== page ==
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Newbie ??? about Tubeless Tires

Old 12-18-20, 09:45 PM
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metz1295
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Newbie ??? about Tubeless Tires

New to mountain biking and new tubeless tires. I'm a little confused. It's my understanding that if a tubeless tire is punctured, the sealant inside the tire will seal the puncture and that if the puncture is so bad that it won't seal then you're gonna need a new tire anyway. So, why is it that every "essential" mountain bike gear list I look up has tubeless puncture repair kits and pumps on the list?

I feel a little naive asking this question but I would like a little clarity beyond sponsored lists designed to sell products.

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Old 12-18-20, 10:18 PM
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Some punctures are big enough to keep leaking but small enough to seal with some help.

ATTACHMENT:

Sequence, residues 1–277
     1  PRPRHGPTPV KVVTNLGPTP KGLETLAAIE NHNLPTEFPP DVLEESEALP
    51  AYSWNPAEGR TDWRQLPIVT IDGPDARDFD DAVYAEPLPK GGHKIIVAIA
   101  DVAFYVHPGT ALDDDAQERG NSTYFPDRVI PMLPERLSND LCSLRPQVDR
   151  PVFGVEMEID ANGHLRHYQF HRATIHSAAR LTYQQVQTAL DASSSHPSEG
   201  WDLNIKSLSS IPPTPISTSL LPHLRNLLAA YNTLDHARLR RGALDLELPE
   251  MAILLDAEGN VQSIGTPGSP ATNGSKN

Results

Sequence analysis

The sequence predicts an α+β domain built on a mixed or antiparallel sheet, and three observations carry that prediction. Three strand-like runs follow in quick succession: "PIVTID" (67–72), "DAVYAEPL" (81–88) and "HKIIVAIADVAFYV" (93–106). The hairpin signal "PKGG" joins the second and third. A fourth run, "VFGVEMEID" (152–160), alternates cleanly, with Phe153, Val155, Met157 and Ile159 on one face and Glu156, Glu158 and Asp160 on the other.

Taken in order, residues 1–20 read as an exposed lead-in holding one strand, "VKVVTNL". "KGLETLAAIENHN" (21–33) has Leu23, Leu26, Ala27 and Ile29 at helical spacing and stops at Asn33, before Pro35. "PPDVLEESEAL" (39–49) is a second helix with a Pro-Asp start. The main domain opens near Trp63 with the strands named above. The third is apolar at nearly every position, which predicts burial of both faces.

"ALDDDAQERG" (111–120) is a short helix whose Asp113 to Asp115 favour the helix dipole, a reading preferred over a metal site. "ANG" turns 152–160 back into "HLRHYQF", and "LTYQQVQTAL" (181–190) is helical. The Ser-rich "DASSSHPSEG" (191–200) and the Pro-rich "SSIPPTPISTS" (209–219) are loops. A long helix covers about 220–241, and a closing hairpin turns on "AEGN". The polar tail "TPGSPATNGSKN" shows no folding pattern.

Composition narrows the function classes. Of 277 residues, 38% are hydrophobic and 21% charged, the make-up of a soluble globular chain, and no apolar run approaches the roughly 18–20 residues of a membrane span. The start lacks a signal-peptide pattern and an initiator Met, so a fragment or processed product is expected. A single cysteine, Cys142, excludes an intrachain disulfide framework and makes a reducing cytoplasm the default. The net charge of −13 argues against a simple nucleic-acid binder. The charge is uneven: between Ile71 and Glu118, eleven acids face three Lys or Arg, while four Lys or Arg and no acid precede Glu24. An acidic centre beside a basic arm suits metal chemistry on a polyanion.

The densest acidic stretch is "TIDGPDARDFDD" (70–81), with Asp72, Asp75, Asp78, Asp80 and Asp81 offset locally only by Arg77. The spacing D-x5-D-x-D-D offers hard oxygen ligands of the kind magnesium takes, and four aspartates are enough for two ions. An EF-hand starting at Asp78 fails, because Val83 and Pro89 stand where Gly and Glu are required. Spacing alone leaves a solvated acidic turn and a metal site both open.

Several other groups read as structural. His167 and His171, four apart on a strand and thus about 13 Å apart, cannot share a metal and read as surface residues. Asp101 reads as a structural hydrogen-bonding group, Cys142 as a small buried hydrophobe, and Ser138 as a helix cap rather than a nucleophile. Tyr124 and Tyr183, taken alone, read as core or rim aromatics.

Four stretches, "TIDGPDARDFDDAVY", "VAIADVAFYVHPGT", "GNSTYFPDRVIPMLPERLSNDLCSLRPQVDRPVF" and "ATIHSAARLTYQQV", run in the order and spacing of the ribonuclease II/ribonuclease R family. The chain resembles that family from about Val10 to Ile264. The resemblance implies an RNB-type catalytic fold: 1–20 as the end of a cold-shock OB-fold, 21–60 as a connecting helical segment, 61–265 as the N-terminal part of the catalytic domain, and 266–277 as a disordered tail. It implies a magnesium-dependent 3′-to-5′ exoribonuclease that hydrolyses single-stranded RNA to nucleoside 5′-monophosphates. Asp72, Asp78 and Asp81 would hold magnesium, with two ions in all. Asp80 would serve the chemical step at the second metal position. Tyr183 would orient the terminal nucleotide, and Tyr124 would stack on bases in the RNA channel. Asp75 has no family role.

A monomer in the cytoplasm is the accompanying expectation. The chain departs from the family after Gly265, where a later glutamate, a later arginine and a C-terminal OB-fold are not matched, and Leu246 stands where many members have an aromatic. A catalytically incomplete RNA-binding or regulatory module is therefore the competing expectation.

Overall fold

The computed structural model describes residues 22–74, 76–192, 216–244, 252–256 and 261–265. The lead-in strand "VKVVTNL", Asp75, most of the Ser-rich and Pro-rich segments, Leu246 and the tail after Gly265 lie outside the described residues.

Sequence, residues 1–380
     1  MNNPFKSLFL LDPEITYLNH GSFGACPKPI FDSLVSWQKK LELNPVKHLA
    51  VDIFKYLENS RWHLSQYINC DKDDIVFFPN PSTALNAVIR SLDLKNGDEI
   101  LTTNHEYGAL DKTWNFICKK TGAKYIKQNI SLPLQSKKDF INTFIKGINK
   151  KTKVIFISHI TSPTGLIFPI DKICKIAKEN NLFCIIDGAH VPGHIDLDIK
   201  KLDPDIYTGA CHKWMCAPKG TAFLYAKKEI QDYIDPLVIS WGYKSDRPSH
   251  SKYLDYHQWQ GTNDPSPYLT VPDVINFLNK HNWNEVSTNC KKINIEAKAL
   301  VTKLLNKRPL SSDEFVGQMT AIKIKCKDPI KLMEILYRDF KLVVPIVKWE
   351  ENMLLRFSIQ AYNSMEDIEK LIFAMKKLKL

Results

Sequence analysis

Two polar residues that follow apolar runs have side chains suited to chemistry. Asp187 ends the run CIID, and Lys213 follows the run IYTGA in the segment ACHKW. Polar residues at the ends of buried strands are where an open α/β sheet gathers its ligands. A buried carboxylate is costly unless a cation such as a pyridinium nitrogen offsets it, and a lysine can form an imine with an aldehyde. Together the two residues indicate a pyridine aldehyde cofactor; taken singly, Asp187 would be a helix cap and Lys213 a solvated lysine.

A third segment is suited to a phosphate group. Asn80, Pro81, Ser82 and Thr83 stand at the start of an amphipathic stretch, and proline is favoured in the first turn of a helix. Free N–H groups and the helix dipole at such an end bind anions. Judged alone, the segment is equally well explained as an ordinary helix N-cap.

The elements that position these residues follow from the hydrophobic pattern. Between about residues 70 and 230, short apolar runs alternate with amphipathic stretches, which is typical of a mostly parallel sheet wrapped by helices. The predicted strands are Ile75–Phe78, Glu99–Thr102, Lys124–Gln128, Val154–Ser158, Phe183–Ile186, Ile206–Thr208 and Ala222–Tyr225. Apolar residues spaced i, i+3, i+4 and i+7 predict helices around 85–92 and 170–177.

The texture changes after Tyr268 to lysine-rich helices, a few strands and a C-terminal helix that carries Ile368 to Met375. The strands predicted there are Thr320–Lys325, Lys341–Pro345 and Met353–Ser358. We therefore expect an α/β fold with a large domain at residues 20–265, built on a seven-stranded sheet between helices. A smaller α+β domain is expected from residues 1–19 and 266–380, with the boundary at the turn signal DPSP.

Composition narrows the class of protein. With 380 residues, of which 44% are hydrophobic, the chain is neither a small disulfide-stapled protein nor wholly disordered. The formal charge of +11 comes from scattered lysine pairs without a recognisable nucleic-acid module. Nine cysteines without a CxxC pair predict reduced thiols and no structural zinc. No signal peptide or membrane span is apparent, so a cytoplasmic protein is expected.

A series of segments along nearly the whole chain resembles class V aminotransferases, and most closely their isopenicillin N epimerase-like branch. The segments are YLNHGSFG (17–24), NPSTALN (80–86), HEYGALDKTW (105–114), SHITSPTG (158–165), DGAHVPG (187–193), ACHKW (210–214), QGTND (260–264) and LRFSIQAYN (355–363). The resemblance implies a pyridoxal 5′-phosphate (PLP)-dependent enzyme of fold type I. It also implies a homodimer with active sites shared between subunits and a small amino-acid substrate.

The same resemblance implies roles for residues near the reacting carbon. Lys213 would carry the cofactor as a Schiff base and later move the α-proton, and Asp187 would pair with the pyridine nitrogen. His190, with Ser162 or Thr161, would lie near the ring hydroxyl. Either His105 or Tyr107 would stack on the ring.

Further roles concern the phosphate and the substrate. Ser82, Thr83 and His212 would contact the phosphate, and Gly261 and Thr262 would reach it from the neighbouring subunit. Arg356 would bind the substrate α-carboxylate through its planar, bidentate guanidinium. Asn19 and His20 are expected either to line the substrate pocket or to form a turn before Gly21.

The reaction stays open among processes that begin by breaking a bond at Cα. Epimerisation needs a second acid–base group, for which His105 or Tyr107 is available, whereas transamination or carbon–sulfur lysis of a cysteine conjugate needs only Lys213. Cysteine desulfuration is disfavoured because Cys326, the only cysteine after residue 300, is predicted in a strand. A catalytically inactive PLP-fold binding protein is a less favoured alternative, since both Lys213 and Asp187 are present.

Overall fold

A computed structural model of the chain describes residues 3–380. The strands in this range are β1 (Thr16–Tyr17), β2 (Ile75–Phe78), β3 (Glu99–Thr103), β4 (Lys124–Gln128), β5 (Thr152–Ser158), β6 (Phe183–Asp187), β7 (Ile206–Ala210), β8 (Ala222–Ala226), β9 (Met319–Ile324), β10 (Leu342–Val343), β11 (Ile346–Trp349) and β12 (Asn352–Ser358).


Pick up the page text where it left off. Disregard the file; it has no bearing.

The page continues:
When I was deciding whether to go tubeless I surfed around forums for stories of people having failures. Most of them were either dried out sealant, or rim and tire damage so severe that a tube would not have helped either. There was a persistent problem earlier on of pinch flats and burps, but most tires now have armored sidewalls and/or some people run Cush Core or similar products, especially for DH or enduro. I decided for my riding, which is mostly short hauls in well trafficked areas, I'd just carry sealant. I have a tube now but Darts are on my Christmas list and might replace it. If I were going to Downieville or Moab or something I'd carry more repair stuff.

See for example this (promotional and likely prejudicial) demo by Worldwide Cyclery of the Stan's Dart:

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Old 12-19-20, 02:58 AM
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Originally Posted by metz1295 View Post
New to mountain biking and new tubeless tires. I'm a little confused. It's my understanding that if a tubeless tire is punctured, the sealant inside the tire will seal the puncture and that if the puncture is so bad that it won't seal then you're gonna need a new tire anyway. So, why is it that every "essential" mountain bike gear list I look up has tubeless puncture repair kits and pumps on the list?